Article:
Review: The Savage Fortress

The Savage FortressThe Savage Fortress by Sarwat Chadda
My rating: 3 of 5 stars

The book wasn’t quite what I was expecting from reading the back cover, but I think 3 stars sums it up: it was a fine one-timer, but I probably won’t read it again.

The Savage Fortress is an action book about 13-year-old Ash Mistry and his 10-year-old sister Lucky, who are on a holiday with their aunt and uncle in India. The kids are used to a life of plenty in their regular home in London, and Ash is quickly getting tired of the dust and heat in India. But his life takes a turn into craziness when he discovers that ancient Hindu demons aren’t so “ancient” after all: they’re modern, and he’s just gotten on their bad side.

The beginning of the book does an excellent job transporting the reader to the hot, fly-infested city that Ash is experiencing. The descriptions and scenes are vibrant and full of humorous sibling banter. But that lessens more and more as the book goes on. On the myths front, the book does make for a good introduction to Hindu mythology. For the writing, some elements of the story felt forced, and I got tired of the constant reminders from the main character that “this isn’t just a story–it’s real” (which, ironically, kept reminding me that it IS just a story!).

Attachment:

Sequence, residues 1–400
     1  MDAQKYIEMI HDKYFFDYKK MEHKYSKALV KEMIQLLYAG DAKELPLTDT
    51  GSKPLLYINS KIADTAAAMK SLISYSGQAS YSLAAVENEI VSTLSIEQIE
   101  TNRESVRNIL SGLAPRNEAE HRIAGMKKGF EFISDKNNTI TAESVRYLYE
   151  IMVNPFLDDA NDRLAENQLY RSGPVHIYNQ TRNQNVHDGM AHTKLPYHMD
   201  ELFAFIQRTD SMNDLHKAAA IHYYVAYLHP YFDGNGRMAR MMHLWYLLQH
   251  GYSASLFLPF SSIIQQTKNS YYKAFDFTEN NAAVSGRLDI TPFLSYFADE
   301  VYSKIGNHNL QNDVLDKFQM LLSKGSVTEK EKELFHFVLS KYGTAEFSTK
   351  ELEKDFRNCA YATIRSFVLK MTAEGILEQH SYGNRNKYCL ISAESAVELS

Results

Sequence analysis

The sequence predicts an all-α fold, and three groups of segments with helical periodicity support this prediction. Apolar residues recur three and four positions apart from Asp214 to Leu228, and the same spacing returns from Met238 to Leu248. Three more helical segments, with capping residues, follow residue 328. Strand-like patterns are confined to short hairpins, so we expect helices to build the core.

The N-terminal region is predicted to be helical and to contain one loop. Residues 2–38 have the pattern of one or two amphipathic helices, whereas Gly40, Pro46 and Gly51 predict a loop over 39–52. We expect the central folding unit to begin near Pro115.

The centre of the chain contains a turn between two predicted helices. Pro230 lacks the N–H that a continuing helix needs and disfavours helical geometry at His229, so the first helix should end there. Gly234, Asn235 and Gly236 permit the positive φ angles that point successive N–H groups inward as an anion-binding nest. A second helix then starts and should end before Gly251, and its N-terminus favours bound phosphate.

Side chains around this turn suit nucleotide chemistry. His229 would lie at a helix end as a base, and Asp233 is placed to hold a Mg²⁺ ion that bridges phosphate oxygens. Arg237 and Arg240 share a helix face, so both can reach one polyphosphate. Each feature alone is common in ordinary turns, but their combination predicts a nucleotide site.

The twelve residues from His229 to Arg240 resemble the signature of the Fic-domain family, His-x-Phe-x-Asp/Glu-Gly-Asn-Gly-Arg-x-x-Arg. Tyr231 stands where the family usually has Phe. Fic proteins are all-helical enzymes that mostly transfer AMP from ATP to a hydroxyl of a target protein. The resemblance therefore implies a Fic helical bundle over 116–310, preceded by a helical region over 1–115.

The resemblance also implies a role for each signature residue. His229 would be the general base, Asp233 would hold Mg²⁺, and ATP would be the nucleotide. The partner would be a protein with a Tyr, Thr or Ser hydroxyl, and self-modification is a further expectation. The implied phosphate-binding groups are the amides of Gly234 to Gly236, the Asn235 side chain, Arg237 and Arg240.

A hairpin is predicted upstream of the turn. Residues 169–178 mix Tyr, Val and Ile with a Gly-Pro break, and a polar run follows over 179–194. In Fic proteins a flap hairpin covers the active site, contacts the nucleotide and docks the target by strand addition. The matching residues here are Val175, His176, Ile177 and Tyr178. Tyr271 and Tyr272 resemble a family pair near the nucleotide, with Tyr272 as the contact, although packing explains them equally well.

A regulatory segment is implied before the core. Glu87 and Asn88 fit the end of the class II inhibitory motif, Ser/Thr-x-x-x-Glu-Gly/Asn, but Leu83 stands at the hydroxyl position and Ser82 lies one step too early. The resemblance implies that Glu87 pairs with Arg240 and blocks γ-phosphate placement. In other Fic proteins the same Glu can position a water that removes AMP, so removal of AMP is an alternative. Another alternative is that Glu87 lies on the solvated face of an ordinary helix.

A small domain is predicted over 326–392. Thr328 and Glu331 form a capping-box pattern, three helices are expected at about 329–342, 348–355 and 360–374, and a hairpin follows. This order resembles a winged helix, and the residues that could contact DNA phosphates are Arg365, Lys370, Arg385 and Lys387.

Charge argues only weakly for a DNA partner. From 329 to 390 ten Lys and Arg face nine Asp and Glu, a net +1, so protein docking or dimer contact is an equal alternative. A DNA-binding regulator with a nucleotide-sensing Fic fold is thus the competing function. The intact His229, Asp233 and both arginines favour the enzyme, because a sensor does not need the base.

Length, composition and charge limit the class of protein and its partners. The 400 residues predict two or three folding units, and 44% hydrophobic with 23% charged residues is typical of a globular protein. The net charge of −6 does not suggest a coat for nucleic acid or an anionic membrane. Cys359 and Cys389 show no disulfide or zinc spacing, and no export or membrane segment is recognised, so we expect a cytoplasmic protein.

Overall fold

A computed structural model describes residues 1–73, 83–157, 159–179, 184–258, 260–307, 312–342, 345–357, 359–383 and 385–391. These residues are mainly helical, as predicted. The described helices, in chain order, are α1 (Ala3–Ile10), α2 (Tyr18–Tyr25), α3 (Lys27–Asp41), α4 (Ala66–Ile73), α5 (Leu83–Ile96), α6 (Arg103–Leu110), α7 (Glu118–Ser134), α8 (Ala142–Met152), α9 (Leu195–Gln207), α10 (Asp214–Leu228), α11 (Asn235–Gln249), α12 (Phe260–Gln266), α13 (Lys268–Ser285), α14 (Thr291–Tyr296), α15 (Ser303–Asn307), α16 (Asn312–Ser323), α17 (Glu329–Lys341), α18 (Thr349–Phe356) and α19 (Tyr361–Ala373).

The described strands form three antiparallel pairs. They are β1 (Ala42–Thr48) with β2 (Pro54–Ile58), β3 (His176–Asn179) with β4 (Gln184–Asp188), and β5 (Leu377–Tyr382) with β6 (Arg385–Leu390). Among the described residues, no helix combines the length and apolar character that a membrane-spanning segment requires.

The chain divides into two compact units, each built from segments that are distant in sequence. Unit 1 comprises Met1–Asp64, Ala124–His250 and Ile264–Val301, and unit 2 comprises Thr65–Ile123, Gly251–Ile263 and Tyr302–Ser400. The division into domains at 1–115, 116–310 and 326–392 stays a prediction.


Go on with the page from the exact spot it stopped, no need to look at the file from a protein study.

A heads-up for those picking up The Savage Fortress as a “middle-grade” book: the other works by Sarwat Chadda are definitely in the older young-adult category, and this one reads a little more like younger YA than middle grade. There are plenty of gory scenes and animated death descriptions and the main character thinks a lot about girls. More attention is paid to Ash’s inner emotional arguments than is normally drawn out in middle grade.

While it wasn’t for me, though, I think The Savage Fortress will be enjoyed and understood best by ages 12 to 14 who don’t mind some action and blood, and like stories with the wimpy-kid-turning-tough-to-save-the-day theme. It’s definitely directed at the Percy Jackson fans, with Hindu mythology instead of Greek.

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